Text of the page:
In order to make certain that his son receives the entire $2 million gift, the father can use a financed net gift. He lends his son $571,429 to pay the tax bill, which bears interest at the applicable federal rate (AFR), and is evidenced by a promissory note in writing.

What if, in this example, the father gave the son real estate with a fair market value of $2 million and a cost basis of $500,000? If the son pays $571,429 in gift tax, the excess of that amount over the father’s basis ($71,429) is a taxable capital gain to the father. You can avoid paying capital gains tax by engaging in a financed net gift transaction with a grantor trust instead of the beneficiary.

When participating in a net gift transaction, the recipient is required to sign an agreement expressing a promise to pay gift and estate taxes upon receipt of the gift. Prior to signing the contract, the recipient is advised to consult an estate planning attorney.

Posted on Wednesday, June 8th, 2016. Filed under Estate Planning, Investments.

Andrew Hook talks to Stretcher about revocable living trusts

By Hook Law Center

In an interview for, Attorney Andrew Hook explains the meaning of a revocable living trust by dividing the term into its main parts: “revocable,” “living” and “trust.” He describes a revocable living trust as a legal agreement in which a person, who is referred to as the “settlor” or “grantor,” transfers property to a trustee, who manages the property for the benefit of specific beneficiaries. You can consider the trust agreement to be a list of directions from the settlor to the trustee regarding the way in which the trustee will manage the property.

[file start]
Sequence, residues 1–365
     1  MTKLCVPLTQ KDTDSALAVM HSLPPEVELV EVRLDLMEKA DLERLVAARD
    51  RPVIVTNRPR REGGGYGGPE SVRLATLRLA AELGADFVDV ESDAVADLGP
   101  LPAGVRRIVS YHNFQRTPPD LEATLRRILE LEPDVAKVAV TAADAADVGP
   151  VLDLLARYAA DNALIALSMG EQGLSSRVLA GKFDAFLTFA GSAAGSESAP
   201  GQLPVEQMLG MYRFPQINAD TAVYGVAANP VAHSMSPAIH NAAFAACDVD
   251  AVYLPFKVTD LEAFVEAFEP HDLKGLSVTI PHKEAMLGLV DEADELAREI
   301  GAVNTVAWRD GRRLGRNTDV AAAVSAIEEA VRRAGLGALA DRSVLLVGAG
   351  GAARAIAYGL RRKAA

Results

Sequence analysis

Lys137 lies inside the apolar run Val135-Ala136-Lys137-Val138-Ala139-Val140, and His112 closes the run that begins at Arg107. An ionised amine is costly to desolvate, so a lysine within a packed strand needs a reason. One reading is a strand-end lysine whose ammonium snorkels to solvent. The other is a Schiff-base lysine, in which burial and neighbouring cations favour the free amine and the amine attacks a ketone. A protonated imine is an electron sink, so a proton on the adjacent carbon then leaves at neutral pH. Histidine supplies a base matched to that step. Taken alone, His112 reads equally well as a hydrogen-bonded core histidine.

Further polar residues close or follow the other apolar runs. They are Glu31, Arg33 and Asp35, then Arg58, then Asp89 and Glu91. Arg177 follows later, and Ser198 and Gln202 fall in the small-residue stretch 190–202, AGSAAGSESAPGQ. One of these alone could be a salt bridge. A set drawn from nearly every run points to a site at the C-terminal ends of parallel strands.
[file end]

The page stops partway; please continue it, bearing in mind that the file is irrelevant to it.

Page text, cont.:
The “living” part of the term, “revocable living trust” signifies that the trust was drafted while the settlor was alive. This concept can also be described by the term “inter vivos.” The “living” element of the trust is that it is not “testamentary,” which means that a trust was created under a will, or arose upon the death of the settlor. The advantage of a living trust over a testamentary trust is that a living trust is established during the settlor’s lifetime, and the terms of the trust may dictate that the trustee manage the administration of the trust property in case the settlor becomes incapacitated or dies. However, a testamentary trust only applies upon the settlor’s death, and thus, it will not become effective in the event of the settlor’s incapacity.

The “revocable” part of the term “revocable living trust” means that the trust can end or be modified if the settlor has capacity, and wishes to terminate or make changes to the trust. If a trust is terminated or revoked, the trust property will be placed back into the name of the grantor. The trustee has a legal duty to manage the trust property for the best interests of the trust beneficiaries. If a trustee cannot serve, another person assumes the role of trustee, and manages the property. Therefore, if the grantor is able, the grantor resumes control of the trust property. If the grantor loses capacity or dies, the trustee will take over management of the property, thereby avoiding court intervention.

Click here to read the full interview on

Posted on Tuesday, June 7th, 2016. Filed under Estate Planning.